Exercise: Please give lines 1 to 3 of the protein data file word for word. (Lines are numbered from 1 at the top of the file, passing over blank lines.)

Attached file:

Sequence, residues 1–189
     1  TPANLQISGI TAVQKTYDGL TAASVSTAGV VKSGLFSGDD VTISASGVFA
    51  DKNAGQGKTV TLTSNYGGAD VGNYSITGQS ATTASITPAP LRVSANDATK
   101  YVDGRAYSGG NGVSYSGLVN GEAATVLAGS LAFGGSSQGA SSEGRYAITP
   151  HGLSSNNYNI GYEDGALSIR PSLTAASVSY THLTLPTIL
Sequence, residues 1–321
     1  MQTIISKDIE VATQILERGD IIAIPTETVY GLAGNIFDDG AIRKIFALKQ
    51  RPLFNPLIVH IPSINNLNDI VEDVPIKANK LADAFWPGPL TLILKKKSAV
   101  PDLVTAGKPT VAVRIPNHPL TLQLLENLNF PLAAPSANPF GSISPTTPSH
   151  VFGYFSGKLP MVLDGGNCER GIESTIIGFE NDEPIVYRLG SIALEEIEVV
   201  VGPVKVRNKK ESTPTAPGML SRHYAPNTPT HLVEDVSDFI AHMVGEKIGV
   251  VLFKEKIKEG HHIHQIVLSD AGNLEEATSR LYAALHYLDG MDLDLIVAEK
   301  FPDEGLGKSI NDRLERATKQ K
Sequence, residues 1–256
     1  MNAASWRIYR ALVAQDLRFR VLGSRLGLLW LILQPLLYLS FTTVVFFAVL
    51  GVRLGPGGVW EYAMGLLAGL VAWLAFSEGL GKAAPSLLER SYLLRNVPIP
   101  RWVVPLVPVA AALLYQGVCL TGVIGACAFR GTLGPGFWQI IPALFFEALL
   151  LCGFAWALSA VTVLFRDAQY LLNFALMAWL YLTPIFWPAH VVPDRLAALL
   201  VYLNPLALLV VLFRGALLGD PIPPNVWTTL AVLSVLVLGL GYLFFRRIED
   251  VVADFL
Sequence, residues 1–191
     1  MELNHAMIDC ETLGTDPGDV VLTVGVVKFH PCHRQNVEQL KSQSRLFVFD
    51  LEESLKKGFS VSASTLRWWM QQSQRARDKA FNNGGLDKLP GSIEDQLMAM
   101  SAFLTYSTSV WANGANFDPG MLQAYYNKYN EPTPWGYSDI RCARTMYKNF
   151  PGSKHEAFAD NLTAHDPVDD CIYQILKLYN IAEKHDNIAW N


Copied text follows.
Sequence, residues 1–189
     1  TPANLQISGI TAVQKTYDGL TAASVSTAGV VKSGLFSGDD VTISASGVFA
    51  DKNAGQGKTV TLTSNYGGAD VGNYSITGQS ATTASITPAP LRVSANDATK